Get to Know an Agent in Attendance: Chelsea Eberly of Greenhouse Literary Agency

Chelsea Eberly is a literary agent and the Director of Greenhouse Literary Agency.

She represents authors of middle grade, young adult, graphic novels, and women’s fiction, as well as illustrators who write picture books.

As a former Senior Editor at Random House, she edited the Newbery Medal winning When You Trap a Tiger by Tae Keller as well as numerous award-winning and New York Times bestselling authors such as Tamora Pierce, Leigh Bardugo, Marie Lu, Sarah J. Maas, Mark Siegel, and Kim Johnson to name only a few. She has a deep understanding of how publishers think and is an expert advocate for her clients. Chelsea is also a Publishers Weekly Star Watch Honoree, which recognizes “the rising stars of the US publishing industry.”


Get to Know an Agent in Attendance: Maggie Sadler of Corvisiero Literary

Maggie Sadler is a literary agent with Corvisiero Literary.

Maggie is motivated to apply her knowledge of literature and craft to the industry as an Agent at Corvisiero Literary Agency. Maggie earned her joint degree in Comparative Literature and English in 2016 from the University of St Andrews, a historical university tucked away in a tiny windswept Scottish town along the North Sea. A sea sprite at heart, Maggie returned to the North Atlantic coast to earn her Master’s in Literary Studies at Memorial University of Newfoundland in 2019. The intricate, vivid, and deep-rooted folk traditions Maggie encountered in both Scotland and Newfoundland further enriched her literary interest in folklore, mainly the seafaring lore intrinsic to small North Atlantic communities.

After these unexpected adventures, Maggie now calls rural Michigan home, where she daydreams amongst the wildflowers with her rascally horse. She is currently working on a novel of her own, full of wild coasts, mysterious sea chests, and feral girls with monstrous secrets.

She is seeking:

Maggie will evaluate every pitch with sensitivity and a desire to uplift up-and-coming writers. However, she is especially interested in finding unorthodox narrative voices that possess subtle, yet insightful perspectives.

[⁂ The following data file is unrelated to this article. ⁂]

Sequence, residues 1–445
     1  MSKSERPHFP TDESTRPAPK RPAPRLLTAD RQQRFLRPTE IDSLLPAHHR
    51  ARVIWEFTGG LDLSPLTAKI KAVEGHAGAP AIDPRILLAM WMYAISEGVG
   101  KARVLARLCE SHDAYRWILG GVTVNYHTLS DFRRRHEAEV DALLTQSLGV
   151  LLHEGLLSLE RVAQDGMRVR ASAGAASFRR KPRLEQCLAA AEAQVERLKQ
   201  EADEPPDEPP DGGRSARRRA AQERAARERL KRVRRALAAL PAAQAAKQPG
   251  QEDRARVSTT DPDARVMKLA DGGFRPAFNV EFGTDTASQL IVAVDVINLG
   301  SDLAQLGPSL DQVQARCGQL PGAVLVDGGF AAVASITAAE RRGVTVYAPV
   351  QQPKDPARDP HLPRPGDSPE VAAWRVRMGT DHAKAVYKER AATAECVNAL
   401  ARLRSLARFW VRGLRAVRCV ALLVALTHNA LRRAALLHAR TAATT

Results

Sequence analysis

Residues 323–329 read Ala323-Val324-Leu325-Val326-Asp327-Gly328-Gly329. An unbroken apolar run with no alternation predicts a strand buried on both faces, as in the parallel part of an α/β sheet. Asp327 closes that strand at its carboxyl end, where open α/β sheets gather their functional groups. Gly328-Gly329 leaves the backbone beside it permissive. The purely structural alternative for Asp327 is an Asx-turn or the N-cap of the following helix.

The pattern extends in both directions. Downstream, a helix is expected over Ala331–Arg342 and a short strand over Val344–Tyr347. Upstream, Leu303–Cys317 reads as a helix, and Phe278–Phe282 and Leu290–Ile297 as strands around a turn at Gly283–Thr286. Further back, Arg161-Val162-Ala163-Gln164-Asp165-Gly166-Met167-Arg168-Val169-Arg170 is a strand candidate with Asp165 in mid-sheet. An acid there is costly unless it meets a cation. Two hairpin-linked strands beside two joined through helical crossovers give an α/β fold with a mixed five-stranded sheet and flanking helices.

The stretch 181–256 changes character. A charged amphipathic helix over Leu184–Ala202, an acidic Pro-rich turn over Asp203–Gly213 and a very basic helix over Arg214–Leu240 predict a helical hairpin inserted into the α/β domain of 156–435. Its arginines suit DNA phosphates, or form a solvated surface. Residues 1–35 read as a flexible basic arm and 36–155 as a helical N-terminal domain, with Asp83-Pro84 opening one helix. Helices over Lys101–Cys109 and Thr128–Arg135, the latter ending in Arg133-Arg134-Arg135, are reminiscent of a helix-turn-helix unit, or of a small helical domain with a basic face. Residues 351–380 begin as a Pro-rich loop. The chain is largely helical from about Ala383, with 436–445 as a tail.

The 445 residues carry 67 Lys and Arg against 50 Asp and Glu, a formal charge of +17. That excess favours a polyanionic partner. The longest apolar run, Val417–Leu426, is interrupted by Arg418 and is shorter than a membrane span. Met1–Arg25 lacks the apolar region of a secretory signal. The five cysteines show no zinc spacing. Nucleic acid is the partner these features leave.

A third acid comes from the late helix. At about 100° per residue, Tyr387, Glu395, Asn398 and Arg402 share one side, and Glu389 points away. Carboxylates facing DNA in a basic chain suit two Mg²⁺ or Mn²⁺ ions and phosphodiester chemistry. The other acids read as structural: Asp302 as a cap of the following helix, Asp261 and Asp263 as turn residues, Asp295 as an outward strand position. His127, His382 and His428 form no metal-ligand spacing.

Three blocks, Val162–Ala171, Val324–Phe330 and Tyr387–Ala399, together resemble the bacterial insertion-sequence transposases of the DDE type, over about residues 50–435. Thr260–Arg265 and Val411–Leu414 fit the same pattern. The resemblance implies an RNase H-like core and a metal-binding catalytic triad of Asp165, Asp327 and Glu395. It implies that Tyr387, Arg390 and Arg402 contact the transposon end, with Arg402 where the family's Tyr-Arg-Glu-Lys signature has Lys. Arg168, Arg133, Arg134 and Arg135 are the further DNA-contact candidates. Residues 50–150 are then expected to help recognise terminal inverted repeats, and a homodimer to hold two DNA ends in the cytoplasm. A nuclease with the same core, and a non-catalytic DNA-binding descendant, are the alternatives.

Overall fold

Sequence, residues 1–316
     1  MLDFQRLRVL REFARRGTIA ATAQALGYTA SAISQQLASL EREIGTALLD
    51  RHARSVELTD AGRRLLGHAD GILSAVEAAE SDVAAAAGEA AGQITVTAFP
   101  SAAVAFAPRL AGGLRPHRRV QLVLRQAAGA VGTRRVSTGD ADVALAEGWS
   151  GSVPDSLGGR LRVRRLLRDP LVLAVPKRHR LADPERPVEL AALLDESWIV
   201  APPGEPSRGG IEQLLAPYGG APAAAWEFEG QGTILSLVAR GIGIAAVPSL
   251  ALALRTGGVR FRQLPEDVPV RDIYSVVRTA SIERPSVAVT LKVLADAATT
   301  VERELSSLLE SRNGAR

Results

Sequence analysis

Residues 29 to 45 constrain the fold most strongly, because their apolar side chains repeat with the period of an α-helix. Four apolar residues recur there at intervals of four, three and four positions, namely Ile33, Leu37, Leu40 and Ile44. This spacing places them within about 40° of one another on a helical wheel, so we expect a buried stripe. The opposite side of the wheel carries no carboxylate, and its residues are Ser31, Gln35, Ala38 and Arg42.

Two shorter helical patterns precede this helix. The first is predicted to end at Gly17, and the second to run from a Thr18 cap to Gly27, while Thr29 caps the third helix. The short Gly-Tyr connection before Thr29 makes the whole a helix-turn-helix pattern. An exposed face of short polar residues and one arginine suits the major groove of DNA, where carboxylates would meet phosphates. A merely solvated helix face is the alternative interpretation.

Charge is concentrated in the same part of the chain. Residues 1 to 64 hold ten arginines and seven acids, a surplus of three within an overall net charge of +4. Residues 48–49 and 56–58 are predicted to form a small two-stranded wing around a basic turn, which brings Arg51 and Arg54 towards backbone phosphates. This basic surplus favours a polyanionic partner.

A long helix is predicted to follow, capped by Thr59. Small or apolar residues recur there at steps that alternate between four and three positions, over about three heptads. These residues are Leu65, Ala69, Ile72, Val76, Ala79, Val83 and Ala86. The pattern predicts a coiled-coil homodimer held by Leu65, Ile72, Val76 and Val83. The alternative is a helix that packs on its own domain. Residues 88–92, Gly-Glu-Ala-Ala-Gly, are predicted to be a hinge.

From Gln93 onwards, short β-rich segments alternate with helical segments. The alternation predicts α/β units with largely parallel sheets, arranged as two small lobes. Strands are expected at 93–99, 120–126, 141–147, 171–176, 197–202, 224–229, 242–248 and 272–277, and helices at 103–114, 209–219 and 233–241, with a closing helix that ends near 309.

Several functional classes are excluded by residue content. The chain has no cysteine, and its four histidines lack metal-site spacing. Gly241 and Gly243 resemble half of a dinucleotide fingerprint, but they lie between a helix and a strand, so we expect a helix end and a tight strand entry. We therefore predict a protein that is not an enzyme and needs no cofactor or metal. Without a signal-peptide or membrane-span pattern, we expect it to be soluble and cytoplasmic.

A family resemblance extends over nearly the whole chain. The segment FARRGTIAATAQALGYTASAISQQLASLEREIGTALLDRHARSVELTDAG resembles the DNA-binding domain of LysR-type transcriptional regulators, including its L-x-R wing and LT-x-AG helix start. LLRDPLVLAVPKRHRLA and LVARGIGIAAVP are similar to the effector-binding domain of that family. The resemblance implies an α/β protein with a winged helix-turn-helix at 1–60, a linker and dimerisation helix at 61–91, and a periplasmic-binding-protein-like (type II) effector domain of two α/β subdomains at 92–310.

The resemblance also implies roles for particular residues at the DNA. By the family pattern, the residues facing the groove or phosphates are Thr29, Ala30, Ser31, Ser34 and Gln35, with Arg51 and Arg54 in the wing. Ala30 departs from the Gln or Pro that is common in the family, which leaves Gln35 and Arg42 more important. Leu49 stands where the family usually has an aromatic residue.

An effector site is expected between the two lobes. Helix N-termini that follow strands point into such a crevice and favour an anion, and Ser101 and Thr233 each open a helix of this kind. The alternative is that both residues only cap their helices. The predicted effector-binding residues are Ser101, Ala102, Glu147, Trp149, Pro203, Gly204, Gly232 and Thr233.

In adult fiction, Maggie enjoys:

  • Nuanced, entrancing Magical Realism that forces the reader to reconsider what “real” truly means.
  • Folklore retellings of ambitious, perhaps even monstrous, women who are willing to sacrifice love for power.
  • Genre-bending literary fiction with an unexpected and intelligent use of language.
  • Pre-1900 historical fiction, particularly any untold stories of boundary-pushing women and women from traditionally underrepresented communities.
  • Themes of femininity and the natural world, cultural identity, family legacy, rebellion against tradition.

In new adult and young adult fiction, Maggie seeks:

  • #OwnVoices Magical Realism that is strongly rooted in history and non-Western folklore.
  • Maritime fiction that evokes the spirit of nineteenth-century adventure fiction, particularly with fierce, feminine pirate queens à la Elizabeth Swann and Eleanor Guthrie.
  • Upmarket fiction helmed by sharp, charming anti-heroes.
  • Very select endearing, cozy fantasies that strike the same notes as Howl’s Moving Castle or The Hobbit, yet with heroines that are equal parts gentle and resilient.
  • Themes of cultural identity, self-actualization, bravery in the smallest (literally and figuratively) of people, and setting as character (bonus points for dark academia).

In middle grade fiction, Maggie is very selective, looking primarily for that sparkling, intelligent, and authentic voice. Maggie hopes to find:

  • Nostalgic adventure romps featuring a rag-tag band of endearing and witty misfits. I’m especially hoping to find the next The Goonies or Stranger Things, in novel form!
  • Subtly articulated and tactfully negotiated upmarket fiction that explores themes of loneliness, multiculturalism, unique family dynamics, or differing abilities (i.e. intellectual, emotional, and/or physical).
  • Animal stories that reach across generations with sensitivity and grace, whose protagonists gently welcome the reader in for a cup of tea and a bit of cake.

An experienced traveler, Maggie also welcomes travelogues depicting remote locations and thought-provoking encounters in a raw, authentic, and intentional narrative voice that blurs the boundaries between the literary and the nonfiction.

Maggie is NOT a good fit for:

  • High or epic fantasy, particularly in the adult sphere
  • Science fiction; no space exploration or aliens, please
  • Thrillers, especially stories inspired by true crime
  • Military or political fiction
  • Humor or satire
  • Commercial romance
  • Graphic novels​
  • Casts of paranormal creatures (fairies, ghosts, werewolves, and vampires)
  • MG narratives in the vein of Captain Underpants, Diary of a Wimpy Kid, or The Fairly OddParents
  • Intense depictions of animal abuse, murder, sexual abuse, sexual trauma, or torture